I'm not a lawyer, so what follows is not legal advice. However . . .
However, often and in general, the answer to your question is: No. The landlord isn't breaking the lease by selling.
What generally applies--unless the lease specifies something different--is that the lease agreement continues to apply both to you and to the new owner.
Example: You signed a 1-year lease on June 1, 2011. Again--assuming the lease doesn't provide otherwise--you've got a valid lease until May 31, 2012. And if the landlord sells the property to someone else before May 31, 2012, that new owner is obligated to fulfill the terms of the existing lease. The lease still runs to May 31; the amount you pay is unchanged.
And--also very important for you--any security deposit you gave to the previous landlord must be returned to you by the NEW landlord. (Sometimes people who purchase rental properties forget to make sure that such deposits are transferred over to them.)
Hope that helps.
It depends on what the lease says. A standard lease will say that the tenant has the right to 30 or 60 days notice before having to move out. If the landlord gives you this much notice, then he is within his rights (if that is what the lease says). There is a chance that the new owner will want to keep the tenant in the property, such as if he or she is purchasing as a rental property and would be searching for a tenant anyway. If the new owner wants to make it his or her own residence, then they will have to give the appropriate amount of notice, per the lease agreement, and then you'll have to move out. Good luck, Heidi!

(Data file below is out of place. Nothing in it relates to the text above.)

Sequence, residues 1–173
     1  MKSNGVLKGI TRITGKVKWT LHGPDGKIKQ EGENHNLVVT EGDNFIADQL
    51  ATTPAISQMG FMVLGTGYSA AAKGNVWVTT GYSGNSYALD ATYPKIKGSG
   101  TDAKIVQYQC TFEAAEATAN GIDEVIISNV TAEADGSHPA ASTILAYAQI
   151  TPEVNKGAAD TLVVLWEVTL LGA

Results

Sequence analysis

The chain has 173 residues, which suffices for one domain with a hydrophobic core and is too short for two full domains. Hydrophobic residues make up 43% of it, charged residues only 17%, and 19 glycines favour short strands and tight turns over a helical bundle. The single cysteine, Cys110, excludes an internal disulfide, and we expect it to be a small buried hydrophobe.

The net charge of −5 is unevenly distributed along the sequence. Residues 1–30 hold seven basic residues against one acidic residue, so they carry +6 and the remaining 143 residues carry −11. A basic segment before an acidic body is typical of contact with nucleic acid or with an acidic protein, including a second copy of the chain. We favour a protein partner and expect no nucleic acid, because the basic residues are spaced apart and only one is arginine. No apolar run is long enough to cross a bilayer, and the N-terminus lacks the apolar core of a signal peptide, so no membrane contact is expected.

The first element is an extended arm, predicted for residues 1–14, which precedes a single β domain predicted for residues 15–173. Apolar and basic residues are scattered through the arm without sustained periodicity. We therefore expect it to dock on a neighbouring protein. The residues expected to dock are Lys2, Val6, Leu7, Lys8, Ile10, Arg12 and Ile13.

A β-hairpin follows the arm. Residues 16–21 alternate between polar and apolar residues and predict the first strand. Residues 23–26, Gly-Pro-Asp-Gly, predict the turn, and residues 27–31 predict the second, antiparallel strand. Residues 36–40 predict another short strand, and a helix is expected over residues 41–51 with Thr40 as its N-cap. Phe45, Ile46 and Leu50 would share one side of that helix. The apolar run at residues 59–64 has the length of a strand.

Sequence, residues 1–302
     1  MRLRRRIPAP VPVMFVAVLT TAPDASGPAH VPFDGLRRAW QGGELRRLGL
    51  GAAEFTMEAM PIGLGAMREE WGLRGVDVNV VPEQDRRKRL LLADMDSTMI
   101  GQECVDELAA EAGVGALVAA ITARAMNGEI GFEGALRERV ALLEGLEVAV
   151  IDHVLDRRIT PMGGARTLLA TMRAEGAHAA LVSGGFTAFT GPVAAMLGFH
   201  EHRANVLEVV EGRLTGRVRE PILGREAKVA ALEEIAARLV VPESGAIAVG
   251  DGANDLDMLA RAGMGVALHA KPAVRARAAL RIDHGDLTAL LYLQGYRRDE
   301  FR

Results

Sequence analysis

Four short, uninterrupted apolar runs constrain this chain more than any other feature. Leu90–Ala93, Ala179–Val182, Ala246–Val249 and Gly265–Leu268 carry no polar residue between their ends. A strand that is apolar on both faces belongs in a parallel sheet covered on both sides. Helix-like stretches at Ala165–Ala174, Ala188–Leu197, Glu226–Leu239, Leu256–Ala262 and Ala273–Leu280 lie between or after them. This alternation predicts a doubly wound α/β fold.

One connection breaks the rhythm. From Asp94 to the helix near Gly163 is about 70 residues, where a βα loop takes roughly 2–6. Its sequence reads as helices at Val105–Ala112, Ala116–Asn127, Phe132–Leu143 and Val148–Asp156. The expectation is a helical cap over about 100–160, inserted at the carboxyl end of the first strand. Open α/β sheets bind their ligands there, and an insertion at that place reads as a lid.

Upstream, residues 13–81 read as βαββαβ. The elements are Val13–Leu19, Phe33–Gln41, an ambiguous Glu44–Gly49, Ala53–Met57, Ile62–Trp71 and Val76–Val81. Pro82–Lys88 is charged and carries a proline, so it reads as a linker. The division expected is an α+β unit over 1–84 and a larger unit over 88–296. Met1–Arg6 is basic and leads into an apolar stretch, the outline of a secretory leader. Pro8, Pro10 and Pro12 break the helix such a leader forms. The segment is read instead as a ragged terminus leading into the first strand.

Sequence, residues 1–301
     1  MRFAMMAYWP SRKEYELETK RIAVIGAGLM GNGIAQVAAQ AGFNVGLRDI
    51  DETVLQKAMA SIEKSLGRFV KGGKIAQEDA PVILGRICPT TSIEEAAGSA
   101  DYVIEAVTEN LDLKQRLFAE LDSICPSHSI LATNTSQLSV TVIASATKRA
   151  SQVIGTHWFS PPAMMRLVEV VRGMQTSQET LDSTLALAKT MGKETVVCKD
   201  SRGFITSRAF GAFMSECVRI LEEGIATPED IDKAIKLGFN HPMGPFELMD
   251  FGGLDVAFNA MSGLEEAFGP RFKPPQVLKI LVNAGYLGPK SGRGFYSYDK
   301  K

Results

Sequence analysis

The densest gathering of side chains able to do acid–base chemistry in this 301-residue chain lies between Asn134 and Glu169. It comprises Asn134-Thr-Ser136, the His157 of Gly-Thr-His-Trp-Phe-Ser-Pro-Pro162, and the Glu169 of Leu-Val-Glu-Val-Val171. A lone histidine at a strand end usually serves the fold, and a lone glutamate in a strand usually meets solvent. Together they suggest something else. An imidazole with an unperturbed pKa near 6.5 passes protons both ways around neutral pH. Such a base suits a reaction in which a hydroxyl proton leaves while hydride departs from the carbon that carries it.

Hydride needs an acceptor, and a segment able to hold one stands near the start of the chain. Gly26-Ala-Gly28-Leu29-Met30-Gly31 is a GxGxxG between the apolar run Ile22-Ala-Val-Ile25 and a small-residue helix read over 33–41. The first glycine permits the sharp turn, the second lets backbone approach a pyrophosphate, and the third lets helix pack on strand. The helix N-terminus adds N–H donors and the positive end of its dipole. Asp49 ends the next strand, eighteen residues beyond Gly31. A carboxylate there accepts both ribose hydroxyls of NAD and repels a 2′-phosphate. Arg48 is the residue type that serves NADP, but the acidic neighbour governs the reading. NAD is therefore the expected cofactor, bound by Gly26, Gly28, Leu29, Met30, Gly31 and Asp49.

Start by reviewing your lease. Many leases will anticipate the possibility and explain what both parties rolls are in selling the rental. If your lease does not include anything about this, review the Landlord Tenant Law of Washington, I've included a link below.
As an agent, we are familiar with leases, but we are not attorneys. You may want to check with the State Attorney General's Office on Monday to understand your rights and obligations further. Sorry for your situation.
You can also just ask to get out of the lease if that is your intention. Vacant properties sell easier than tenant occupied.